According to the OPR report, Yoo was examined on presidential war time powers and an investigator questioning, “what about ordering a village of resistance to be massacred, is that a power the president could legally?” And Yoo answered, “yeah, although let me say this—so certainly that would fall within the commander-in-chief‘s power over tactical decisions.” “To order a village of citizens to be exterminated,” the investigator asked? Yoo replied, “sure.”
Joining me now is columnist for FindLaw.com, the author of “Blind Ambition, the End of the Story” and former White House counsel, John Dean. Thanks for your time tonight, sir.
JOHN DEAN, FINDLAW.COM: Thank you, Keith.
OLBERMANN: This is an extraordinary development. How could Cheney have thought that memo would prove the case, when it would have required the information to travel backwards in time?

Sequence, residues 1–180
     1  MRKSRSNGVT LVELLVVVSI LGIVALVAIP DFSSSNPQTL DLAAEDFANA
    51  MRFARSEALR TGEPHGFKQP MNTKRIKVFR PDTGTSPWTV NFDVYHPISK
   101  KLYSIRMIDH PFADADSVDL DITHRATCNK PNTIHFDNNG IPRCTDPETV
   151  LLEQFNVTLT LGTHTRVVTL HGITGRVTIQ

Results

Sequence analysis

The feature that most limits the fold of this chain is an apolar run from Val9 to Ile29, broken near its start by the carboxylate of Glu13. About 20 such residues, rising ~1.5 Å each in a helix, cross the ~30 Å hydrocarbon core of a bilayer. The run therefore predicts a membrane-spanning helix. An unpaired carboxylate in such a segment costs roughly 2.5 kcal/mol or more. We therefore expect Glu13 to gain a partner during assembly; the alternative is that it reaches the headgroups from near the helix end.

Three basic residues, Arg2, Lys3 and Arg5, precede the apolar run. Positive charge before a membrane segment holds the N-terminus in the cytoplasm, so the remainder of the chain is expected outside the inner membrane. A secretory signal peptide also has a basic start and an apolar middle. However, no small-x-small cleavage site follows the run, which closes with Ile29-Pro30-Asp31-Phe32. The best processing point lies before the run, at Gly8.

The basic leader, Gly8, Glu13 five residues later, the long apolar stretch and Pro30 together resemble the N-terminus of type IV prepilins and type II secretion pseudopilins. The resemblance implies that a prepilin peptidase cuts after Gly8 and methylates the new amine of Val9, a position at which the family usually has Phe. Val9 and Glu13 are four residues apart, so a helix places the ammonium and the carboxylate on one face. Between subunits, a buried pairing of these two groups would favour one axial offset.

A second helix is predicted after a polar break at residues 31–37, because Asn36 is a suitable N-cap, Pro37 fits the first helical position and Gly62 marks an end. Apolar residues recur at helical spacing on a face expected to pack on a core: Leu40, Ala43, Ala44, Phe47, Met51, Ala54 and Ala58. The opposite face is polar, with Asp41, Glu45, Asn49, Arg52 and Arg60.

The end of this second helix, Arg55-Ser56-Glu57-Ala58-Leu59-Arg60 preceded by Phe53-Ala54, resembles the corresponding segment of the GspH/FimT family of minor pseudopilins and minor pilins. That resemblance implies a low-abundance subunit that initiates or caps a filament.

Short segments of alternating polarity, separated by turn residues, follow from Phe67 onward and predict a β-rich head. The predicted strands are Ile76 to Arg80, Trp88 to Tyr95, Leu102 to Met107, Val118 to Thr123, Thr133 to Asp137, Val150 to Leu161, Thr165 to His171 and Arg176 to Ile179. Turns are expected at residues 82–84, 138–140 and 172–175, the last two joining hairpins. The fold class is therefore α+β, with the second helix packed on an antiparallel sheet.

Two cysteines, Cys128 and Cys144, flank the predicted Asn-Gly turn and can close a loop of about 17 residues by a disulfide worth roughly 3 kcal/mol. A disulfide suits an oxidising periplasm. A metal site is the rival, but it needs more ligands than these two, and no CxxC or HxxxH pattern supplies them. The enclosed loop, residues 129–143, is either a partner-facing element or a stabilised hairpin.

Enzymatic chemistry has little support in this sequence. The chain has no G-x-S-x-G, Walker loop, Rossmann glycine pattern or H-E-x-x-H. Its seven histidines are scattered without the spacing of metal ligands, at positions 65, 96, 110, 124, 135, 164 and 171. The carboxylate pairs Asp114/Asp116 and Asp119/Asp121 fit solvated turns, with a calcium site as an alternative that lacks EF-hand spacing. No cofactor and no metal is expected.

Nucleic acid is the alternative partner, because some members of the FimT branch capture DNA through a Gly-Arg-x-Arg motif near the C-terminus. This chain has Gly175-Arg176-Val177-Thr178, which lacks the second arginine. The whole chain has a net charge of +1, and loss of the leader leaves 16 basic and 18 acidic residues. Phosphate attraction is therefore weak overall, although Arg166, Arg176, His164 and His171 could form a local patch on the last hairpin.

DEAN: Very difficult. Under the circumstances, I don‘t want to say when I‘ve heard he‘s not in good shape right now, that he‘s dead wrong, but that is clearly what happened. And I hope him well so he can come out and explain this. It‘s not likely. He is not the kind of man who recognizes shame, mistake, humility. So I‘d be very curious to hear what he does have to say, because they‘ve caught him just relying on something that is totally bogus. A lie has been put to him.
OLBERMANN: Former Secretary of State Powell dismissed Mr. Cheney‘s claims that the country was less safe under the current president. He said Cheney‘s attacks—the quote was “are not borne out by the facts.” What happens to the former vice president‘s credibility in this topic now? I mean, the memo literally proves that he put the cart before the horse. I mean, it‘s as easy a—either mistake or lie to fix and adjust accordingly as you could imagine.